Theatre Review: Elton John & Tim Rice’s Aida

Bearing the same name and basically the same story as the Verdi opera, this more recent take on the tale has music supplied by Elton John and Time Rice.

Presented by The Hills Musical Company
Reviewed 5 May 2017

Bearing the same name and basically the same story as the Verdi opera, this more recent take on the tale has music supplied by Elton John and Time Rice. The book by Linda Woolverton, Robert Falls and David Henry Hwang is a Disney collaboration. The original script by Woolverton was reworked by director Robert Falls and David Henry Hwang (playwright and screen writer), leading to a successful run on Broadway. Hwang is well known for his successful play M Butterfly.

Director Lauren Scarfe with Mark Anolak has designed a simple set with little additional dressing and although it works well it does have its limitations not least of which is a noisy scrim. It would have benefited from a more varied lighting design. The costumes were a variation of styles, but given the mix of old world story and more modern music, they seemed to fit. So too the choreography is a little unusual, but Thomas Phillips has used the sharp movement to reflect the music to good effect.

True, there are a few niggles in the production, but the cast make them seem insignificant. In the title role of Aida, the captured Nubian princess, Rebecca Raymond is flawless. Her voice has the power and the sweetness required to make this a memorable production. Her love-interest, the conquering Egyptian Captain, Radames is played by Lindsay Prodea and there is a real connection on stage, which makes the ending extremely poignant. The spoilt diva-like Egyptian princess Ameris gives Teagan Gully the chance to not only display her beautiful voice, but to stretch her acting capabilities as she gains the audience sympathy for her plight. A really strong threesome to lead this production; outstanding in the trio A Step Too Far.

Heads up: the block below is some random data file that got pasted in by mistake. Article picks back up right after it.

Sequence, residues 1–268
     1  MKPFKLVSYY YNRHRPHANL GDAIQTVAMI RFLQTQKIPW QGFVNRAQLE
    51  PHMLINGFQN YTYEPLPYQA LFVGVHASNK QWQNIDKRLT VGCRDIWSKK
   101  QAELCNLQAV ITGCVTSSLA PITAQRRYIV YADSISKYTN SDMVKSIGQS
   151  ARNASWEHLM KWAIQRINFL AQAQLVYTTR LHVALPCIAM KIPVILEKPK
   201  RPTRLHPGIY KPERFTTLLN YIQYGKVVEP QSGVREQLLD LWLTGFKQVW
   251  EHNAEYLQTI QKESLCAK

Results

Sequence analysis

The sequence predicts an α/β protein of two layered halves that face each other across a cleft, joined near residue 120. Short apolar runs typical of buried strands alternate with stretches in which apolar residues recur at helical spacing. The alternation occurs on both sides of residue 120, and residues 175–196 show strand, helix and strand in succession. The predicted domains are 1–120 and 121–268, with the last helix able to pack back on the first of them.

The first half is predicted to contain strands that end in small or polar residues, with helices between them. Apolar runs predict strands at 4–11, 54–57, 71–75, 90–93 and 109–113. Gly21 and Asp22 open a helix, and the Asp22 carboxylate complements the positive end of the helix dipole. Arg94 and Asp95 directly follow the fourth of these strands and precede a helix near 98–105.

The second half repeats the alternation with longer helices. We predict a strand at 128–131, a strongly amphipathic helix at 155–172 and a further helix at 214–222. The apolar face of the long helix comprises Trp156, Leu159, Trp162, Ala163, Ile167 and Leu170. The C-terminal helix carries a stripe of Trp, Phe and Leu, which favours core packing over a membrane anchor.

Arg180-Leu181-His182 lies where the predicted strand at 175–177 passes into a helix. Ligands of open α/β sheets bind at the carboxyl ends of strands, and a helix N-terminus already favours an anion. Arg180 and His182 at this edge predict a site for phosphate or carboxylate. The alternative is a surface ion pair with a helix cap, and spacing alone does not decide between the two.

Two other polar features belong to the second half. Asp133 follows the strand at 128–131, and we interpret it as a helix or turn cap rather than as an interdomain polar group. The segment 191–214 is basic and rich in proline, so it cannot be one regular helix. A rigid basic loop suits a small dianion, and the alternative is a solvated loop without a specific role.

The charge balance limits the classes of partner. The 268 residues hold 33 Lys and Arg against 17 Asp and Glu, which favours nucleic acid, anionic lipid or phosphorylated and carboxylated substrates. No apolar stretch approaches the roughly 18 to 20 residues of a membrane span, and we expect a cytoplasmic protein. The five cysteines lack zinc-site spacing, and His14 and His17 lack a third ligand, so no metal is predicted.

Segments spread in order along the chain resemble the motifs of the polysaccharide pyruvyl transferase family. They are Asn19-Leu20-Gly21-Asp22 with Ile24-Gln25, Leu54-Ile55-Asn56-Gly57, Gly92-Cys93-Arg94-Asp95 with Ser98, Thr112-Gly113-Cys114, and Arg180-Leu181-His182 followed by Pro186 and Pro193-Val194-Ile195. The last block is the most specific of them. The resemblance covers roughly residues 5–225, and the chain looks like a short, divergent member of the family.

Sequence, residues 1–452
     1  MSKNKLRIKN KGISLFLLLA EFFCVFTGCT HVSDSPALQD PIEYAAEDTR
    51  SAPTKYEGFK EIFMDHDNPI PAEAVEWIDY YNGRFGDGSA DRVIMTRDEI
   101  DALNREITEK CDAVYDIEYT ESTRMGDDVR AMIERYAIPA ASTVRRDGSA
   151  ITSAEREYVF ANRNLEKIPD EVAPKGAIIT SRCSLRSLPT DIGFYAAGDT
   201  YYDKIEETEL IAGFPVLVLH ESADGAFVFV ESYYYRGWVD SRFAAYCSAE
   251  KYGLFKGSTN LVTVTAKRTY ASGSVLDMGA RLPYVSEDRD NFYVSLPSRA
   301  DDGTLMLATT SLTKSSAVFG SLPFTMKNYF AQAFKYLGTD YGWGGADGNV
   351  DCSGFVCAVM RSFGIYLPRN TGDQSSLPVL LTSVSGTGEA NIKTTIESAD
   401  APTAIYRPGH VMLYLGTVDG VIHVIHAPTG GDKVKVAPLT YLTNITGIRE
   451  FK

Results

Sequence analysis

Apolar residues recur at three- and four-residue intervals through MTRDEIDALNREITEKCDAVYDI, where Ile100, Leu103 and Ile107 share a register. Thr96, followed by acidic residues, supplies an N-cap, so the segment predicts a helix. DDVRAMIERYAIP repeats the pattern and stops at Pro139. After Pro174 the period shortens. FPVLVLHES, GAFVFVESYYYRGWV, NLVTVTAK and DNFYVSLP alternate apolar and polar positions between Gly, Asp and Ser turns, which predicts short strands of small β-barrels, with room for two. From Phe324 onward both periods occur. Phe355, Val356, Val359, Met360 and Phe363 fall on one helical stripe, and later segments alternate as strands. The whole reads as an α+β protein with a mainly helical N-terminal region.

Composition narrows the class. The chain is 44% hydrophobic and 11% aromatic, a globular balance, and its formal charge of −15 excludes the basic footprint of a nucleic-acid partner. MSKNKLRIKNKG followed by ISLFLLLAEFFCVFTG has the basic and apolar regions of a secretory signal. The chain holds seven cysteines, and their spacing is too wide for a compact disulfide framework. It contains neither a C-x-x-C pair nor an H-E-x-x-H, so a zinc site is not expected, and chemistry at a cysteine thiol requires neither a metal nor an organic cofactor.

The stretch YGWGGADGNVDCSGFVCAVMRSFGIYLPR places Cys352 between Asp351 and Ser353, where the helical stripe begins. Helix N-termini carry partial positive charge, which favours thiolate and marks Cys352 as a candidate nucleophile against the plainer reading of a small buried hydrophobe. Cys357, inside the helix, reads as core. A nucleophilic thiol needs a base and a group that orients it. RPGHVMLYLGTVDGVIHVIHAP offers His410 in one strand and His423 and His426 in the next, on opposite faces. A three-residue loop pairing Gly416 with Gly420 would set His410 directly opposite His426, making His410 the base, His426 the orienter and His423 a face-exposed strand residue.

There are other memorable cast members: Chris Eaton as the Captain’s devious father Zoser, makes a welcome return to the stage joining Prodea in the strong Like Father Like Son’; Daniel Steven as the slave Mereb who supports and falls in love with Aida; Brad Martin as the Pharoah, father of Ameris, who is being slowly poisoned by Zoser; Amonasro, the Nubian King, father of Aida, played by her real father Howard Raymond demonstrating his wonderful bass voice and Kathryn Driver as Nebebka the Nubian slave who dies is Aida’s place.

The orchestra, under the musical direction of Kristy Williamson, although a little quiet in places was good, but the sound was uneven, enough to make the solo singers hard to hear occasionally. Putting any problems aside I will remember the beauty of Raymond’s voice in Easy As Life and the haunting duet Elaborate Lives. Another good Hills production.

Reviewed by Fran Edwards
Twitter: @franeds

Venue: Stirling Community Theatre
Season: 5 -20 May 2017
Duration: 2.5 hr
Tickets: Adult $31.70 Conc $27.70 Group $24.70 (8 or more)
Or call 0466 118 153.


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